Retailers

Up and Down Grocery Aisles, Prices Rose in October

Beef prices at retail are now up 20% year over year, and pork prices see their largest spike in more than 30 years
man buying frozen foods
Photograph: Shutterstock

Thirty-one years: That's how long it has been since consumer prices rose, year over year, by as much as they did last month. Consumer prices were up 6.2% year over year in October, the largest increase since November 1990, the Bureau of Labor Statistics reported Wednesday.

That increase includes a 5.4% climb for food-at-home (grocery) prices year over year, with price hikes at the grocery store accelerating in the past two months: Both September and October saw month-over-month price increases of 1%-plus for food at home.  

See also: 8% Inflation on Packaged Goods? What IRI Sees for the Year Ahead

The BLS called out rising food prices as a major contributor to October's head-turning inflation. "The monthly all-items seasonally adjusted increase was broad-based, with increases in the indexes for energy, shelter, food, used cars and trucks and new vehicles among the larger contributors," the bureau stated in a news release. 

Once again, prices in all six major grocery categories rose for the month. "The index for meats, poultry, fish, and eggs continued to rise sharply, increasing 1.7% following a 2.2% increase in September," the bureau noted, adding that beef prices were up 3.1% from September to October alone. For the year, consumer prices for beef are up 20%, with prices for steaks up more than 24%.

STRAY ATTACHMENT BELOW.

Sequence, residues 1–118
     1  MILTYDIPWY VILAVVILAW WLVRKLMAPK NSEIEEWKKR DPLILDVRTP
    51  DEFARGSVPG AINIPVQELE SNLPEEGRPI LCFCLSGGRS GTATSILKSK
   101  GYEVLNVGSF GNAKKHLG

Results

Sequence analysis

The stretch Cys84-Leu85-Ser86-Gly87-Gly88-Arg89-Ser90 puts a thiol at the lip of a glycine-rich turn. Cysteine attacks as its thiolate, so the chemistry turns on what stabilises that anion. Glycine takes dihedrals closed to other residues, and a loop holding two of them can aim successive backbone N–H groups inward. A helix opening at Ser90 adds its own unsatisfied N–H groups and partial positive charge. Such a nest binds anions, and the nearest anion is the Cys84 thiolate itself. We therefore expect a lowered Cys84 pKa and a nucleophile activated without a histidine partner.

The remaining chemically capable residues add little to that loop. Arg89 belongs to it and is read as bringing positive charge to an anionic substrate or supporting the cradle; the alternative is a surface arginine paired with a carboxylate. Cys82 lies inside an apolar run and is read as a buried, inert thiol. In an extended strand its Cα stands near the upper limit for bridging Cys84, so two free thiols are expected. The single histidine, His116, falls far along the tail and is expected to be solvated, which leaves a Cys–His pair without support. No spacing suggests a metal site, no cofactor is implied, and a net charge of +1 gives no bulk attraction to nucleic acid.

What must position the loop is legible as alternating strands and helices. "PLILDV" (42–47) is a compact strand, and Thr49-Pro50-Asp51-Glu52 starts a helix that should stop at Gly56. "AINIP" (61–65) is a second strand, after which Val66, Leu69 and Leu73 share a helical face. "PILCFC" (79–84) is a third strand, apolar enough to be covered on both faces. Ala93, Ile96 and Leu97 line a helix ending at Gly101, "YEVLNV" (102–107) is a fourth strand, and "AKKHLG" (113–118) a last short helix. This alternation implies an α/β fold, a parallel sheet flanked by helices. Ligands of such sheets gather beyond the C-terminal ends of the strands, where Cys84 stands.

Pork set a 30-year-record, as well: Pork prices at retail were up 14.1% year over year in October, with bacon prices up 20% and pork-chop prices up almost 16%. Market researcher IRI, in a webinar earlier this week, noted that consumers have begun to "trade down" to less-expensive brands and varieties of breakfast meats in the past quarter as prices in the category have risen.

And while meat captured most of October's double-digit increases in prices year over year, prices rose up and down grocery aisles. With holiday baking season approaching, prices for flour and flour mixes are up 5% from October 2020; sugar prices are up 5.2%; and egg prices are up 11.6%. Apple prices were up 6.7% year over year.

Game-watchers will find cracker prices 7.5% higher than they were a year ago and carbonated-drink prices 5.2% higher. Also, notably, baby-food prices were up nearly 8% year over year in October, including a 2.6% month-to-month increase from September. 

Elsewhere in consumer food prices: Restaurant prices were up even more than retail food prices year over year—up 5.9% at full-service restaurants from October 2020 and 7.1% at limited-service restaurants—a phenomenon that IRI President of Strategic Analytics KK Davey attributes to restaurants' acute labor challenges.

And while food prices at schools continued to slide, prices recovered a bit, month over month, at offices: After falling 17% from July to August and more than 6% from August to September, prices at employee cafeterias and other office food venues were up 1.8% September to October. Wherever workers grab their lunch—at home, at a restaurant or from a cafeteria—it was more expensive to eat there in October.

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